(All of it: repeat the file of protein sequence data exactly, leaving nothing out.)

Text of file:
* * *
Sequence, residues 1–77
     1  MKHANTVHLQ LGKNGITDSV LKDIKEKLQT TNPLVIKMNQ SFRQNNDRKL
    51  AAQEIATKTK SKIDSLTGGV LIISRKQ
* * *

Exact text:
Sequence, residues 1–77
     1  MKHANTVHLQ LGKNGITDSV LKDIKEKLQT TNPLVIKMNQ SFRQNNDRKL
    51  AAQEIATKTK SKIDSLTGGV LIISRKQ